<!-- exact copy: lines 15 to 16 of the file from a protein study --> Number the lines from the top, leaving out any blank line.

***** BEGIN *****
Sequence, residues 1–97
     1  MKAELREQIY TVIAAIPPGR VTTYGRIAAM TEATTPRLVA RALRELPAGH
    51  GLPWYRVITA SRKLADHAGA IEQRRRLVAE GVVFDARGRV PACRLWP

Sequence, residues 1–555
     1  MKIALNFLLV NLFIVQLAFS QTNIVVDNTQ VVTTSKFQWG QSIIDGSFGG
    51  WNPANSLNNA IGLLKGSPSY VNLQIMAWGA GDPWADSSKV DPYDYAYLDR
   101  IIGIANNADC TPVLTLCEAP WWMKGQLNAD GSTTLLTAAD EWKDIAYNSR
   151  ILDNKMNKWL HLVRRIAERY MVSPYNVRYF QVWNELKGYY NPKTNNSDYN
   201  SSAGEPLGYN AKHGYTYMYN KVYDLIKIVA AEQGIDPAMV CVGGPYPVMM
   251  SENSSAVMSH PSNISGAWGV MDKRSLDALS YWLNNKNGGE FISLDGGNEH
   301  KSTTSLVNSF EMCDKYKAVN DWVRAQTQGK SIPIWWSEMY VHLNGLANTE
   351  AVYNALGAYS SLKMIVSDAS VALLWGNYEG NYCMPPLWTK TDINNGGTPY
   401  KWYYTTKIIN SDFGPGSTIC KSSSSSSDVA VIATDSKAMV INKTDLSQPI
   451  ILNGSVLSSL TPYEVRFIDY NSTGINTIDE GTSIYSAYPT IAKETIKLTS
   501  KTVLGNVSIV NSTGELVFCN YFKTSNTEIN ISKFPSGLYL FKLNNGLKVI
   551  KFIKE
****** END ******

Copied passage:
   501  KTVLGNVSIV NSTGELVFCN YFKTSNTEIN ISKFPSGLYL FKLNNGLKVI
   551  KFIKE